In light of some of the shameless rewriting of history being perpetrated by some of those promoting the Standard Quay restaurant proposal, we’ve put together a handy, illustrated print-out-and-keep, fib-spotter’s guide in pdf format.
Download it here:SQ Lie Guide
Feel free to distribute before councillors visit Standard Quay on Monday (April 29)…which by the way will be at 10.30am, rather than the 9.30am originally announced by Swale Borough Council.
Or just read it here:
A BEGINNERS’ GUIDE TO STANDARD QUAY LIES, SPIN AND MISINFORMATION:
1. “Historically, of course, Standard Quay was never actually used for shipbuilding.”
FACT: Simply untrue. Since 1700, around 120 sailing vessels have been built at Standard Quay. A detailed study by respected maritime historian and Thames barge authority Richard Hugh-Perks shows the names of boats built and launched specifically at Standard Quay and dating back well into the early 18th century.
The men who built boats and ships at Standard Quay are well documented through more than 200 years. We know where they were born, where they trained and we know the names and tonnage or size of the vessels they built at Standard Quay.
If in doubt, please take a look at this picture of the Goldfinch, probably the most famous barge built at Standard Quay by 19th Century master shipbuilder John Matthew Goldfinch. Goldfinch’s house still stands on Standard Quay, just a few metres from the black shed.
Read about shipbuilding at Standard Quay here:
2. “I read that Swale Council gave permission for the black sheds to be used for maritime industry in the 90s but they weren’t used for boat building until much later.”
FACT: From 1993, when historic fishing smack Emeline was restored at Standard Quay, until 2011 when the applicant/owner/developer took control, the site, including the black sheds, was in constant use as a nationally important centre for the repair and maintenance of large traditional vessels.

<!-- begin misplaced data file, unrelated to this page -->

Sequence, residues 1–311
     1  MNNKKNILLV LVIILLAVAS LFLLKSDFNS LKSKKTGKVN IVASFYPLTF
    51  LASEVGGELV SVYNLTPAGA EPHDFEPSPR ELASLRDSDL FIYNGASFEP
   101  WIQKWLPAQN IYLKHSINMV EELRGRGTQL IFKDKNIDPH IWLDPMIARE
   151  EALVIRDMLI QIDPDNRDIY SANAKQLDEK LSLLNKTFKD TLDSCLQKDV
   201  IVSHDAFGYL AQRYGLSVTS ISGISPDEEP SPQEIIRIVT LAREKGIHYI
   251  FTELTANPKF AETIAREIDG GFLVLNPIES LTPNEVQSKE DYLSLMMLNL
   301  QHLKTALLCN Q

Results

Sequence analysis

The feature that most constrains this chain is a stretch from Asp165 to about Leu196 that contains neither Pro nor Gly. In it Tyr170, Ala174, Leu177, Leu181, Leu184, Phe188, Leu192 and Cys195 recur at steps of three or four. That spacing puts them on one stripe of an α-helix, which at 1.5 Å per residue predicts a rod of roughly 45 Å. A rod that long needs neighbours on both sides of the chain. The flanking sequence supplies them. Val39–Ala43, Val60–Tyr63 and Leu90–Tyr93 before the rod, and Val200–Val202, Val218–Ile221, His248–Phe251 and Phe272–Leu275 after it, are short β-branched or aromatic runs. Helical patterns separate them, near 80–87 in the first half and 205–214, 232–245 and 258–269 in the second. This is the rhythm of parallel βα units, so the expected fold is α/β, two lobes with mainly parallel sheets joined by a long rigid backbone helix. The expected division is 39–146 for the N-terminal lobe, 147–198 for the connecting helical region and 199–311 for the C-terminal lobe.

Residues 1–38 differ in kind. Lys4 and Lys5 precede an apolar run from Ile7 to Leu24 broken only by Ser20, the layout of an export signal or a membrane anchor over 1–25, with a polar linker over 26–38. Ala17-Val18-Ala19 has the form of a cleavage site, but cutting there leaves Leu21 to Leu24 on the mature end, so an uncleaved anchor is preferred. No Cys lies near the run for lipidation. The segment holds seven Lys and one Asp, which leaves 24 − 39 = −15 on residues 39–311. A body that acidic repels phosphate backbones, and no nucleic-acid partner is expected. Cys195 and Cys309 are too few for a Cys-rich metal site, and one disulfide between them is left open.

Despite false claims in a report by Swale planning officer Graham Thomas (already the subject of a formal complaint) that approvals for a sail loft in the black shed ‘were never implemented’, council officers, including Director of Regeneration, Pete Raine, actually visited the building and saw for themselves the spars, rigging and sails being stored and maintained in the upper floor space. SBC has been asked to provide evidence to back up Mr Thomas misleading claims but none has been forthcoming.
3. “But shipbuilding is a dying trade isn’t it? Surely the boatyard shut down through lack of business.”
FACT: Let’s be clear: The owner/applicant, a property developer, bought a busy, thriving, sustainable traditional boat-building yard and shut it down.
By hiking prices and removing facilities since mid-2011, Standard Quay’s owner drove out an established maritime industry and the visiting Thames barges which relied upon it.
Was this was a deliberate strategy aimed at creating a lack of ‘footfall’ which could be then used to justify change of use to more lucrative restaurant? Isn’t that what property developers do?
Thanks to exactly these kinds of waterfront development pressures, few boatyards remain with the facilities and specialist skills to maintain traditional wooden vessels. Nationally and regionally, supply is limited and demand is high.
Historic barges attract visitors. Pre-2011, Standard Quay’s museum/visitor centre guest book had 6000 signatures from all over the world. Since the barges stopped coming to the quay, visitor numbers have dwindled.
4. “The owner/applicant/developer has tried his best to run the site as a boatyard but there’s just no demand.”
FACT: The skilled shipwrights driven away from the site since he took control two years ago have not been replaced.
Despite his claims to the contrary, it’s highly questionable whether the applicant/owner/developer had any serious intentions to preserve maritime industry at the site and provide the services and facilities desperately required by the traditional boat community.
Please visit the site, take the recently-erected signs giving the impression of maritime industry with a healthy pinch of salt, and ask what really goes on in the buildings today.
5. “Only a small organized group of local campaigners actually oppose the application.”